|Title:||The Logical and Empirical Foundations of Baker's Paradox||Add Dissertation|
|Author:||Elizabeth Coppock||Update Dissertation|
|Email:||click here to access email|
|Institution:||Stanford University, Department of Linguistics|
|Linguistic Subfield(s):||Semantics; Syntax;|
|Abstract:||My dissertation addresses questions of syntactic productivity of the
following form: Based on independent (e.g. semantic) properties of a given
word, can it be predicted whether the word may occupy a given syntactic
position? For example, can it be predicted from the meaning of 'disappear'
that it cannot function transitively (*He disappeared the rabbit)?
Such questions pertain to the empirical foundations of Baker's Paradox
(Pinker 1989, after Baker 1979), which comprises the following premises:
(i) Productivity: An infinite number of items can, in principle,
instantiate a given syntactic pattern (so long as they satisfy certain
criteria); (ii) Arbitrariness: Certain items fail to instantiate the
pattern despite meeting the criteria; (iii) No Negative Evidence: Evidence
for ungrammaticality is not used in language acquisition. The main focus
is on questioning premise (ii).
Questioning the premise of arbitrariness is important, because it has
consequences for the theory of language learning. Besides potentially
leading to a paradox, the existence of arbitrary exceptions has been taken
as evidence that the learner is both conservative and attentive (Culicover
1999). Arbitrary exceptions have also served as evidence for the role of
statistical preemption and item-specific learning in acquisition (Goldberg
2006; Bowerman and Croft 2008; Wonnacott et al 2008).
Although it has consequences for learning, arbitrariness is a purely
linguistic claim. Consider the causative alternation ('John broke the
glass' vs. 'The glass broke'). Its productivity is governed by certain
semantic criteria, but Bowerman and Croft (2008) claim that 'there are
verbs that satisfy the [criteria] and yet do not alternate', such as
'totter'. Analogous claims have been made for the dative alternation
(Wonnacott et al 2008: 'John donated a car to the church' vs. *'John
donated the church a car'), preposition pied-piping and stranding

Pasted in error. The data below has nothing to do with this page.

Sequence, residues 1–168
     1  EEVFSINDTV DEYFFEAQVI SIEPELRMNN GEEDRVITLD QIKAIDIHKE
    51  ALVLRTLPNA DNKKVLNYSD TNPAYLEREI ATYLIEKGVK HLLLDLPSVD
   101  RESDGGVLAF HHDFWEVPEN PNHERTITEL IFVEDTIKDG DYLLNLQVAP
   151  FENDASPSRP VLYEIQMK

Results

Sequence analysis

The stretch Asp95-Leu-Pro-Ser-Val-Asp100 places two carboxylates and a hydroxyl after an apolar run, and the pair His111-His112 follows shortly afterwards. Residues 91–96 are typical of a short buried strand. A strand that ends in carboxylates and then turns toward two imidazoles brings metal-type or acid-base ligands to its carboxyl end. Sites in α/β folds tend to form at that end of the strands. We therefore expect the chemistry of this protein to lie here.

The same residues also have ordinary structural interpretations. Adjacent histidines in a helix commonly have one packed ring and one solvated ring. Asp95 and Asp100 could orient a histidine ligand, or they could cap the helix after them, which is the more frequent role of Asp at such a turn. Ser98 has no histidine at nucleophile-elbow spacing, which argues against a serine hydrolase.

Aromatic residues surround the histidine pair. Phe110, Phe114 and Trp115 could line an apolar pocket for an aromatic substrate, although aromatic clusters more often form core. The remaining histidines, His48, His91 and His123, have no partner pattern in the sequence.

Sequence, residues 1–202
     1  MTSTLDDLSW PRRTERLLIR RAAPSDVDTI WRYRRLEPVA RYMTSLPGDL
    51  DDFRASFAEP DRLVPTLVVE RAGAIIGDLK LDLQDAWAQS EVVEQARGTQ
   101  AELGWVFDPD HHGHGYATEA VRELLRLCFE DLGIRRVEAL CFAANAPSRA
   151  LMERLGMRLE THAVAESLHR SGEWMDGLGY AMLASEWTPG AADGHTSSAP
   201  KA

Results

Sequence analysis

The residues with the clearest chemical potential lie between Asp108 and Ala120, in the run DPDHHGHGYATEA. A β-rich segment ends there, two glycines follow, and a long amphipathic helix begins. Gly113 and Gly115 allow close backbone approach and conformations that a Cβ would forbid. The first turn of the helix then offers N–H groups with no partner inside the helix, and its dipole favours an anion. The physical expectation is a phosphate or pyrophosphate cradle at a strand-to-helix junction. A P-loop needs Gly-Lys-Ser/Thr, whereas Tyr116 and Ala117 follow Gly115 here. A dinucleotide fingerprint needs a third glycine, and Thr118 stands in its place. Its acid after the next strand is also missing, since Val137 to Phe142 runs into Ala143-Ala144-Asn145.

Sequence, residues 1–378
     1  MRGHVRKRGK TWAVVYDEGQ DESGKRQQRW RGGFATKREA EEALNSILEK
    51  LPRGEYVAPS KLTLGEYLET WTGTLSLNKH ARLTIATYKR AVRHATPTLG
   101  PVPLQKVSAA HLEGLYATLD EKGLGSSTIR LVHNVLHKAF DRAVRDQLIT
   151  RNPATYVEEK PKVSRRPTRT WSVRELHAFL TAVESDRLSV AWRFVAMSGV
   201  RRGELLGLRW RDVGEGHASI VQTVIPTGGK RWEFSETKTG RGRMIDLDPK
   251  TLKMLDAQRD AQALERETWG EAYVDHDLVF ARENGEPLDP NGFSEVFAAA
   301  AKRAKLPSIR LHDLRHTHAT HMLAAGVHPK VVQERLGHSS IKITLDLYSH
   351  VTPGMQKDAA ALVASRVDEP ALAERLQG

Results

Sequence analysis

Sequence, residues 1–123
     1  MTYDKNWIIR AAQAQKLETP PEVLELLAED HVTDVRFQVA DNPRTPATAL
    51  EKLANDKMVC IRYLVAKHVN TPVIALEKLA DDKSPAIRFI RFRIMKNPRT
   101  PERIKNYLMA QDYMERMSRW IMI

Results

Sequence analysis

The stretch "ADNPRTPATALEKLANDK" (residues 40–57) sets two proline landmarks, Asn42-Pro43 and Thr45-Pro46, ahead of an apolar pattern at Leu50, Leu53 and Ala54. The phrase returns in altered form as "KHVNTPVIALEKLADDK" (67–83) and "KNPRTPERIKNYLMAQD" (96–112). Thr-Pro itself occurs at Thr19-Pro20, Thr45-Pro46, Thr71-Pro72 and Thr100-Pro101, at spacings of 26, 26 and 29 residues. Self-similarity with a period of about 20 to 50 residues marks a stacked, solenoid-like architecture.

(Culicover 1999: 'This is the bridge from/*off which she jumped'; 'What
class did you fall asleep in/*during?'), and the positioning of adjectives
(Goldberg 2006: 'She is a sweet/mere child' vs. 'She is sweet/*mere').
Addressing each of these domains individually, I show that under close
inspection, the facts can be explained based on general criteria limiting
the productivity of the relevant patterns. The first step is to identify
the criteria; then it is necessary to determine whether the items in
question fit the criteria. A word is an arbitrary exception if it fits the
criteria, yet fails to instantiate the pattern.
In some cases, good criteria have already been identified, and it is only a
matter of finding a way to apply them. In other cases, I identify new
criteria. In the chapter on adjectives, for example, I propose the
Predicativity Principle: An adjective is syntactically predicative iff it
is semantically predicative (for a definition of semantic predicativity
that includes gradable adjectives such as 'tall'). Thus 'mere child' is
grammatical but not *'The child is mere', with 'mere' in a syntactically
predicative position, because it is not semantically predicative. One
argument comes from sentence-level adverbs like 'obviously' ('obviously
sweet child' vs. *'obviously mere child').
For each item that has been claimed to be an arbitrary exception in the
domains considered, I argue that it is not. This removes much of the
linguistic argument for item-specific learning. I suggest the
explanation-seeking learner as an alternative model: the learner prefers
general explanations over arbitrary stipulations.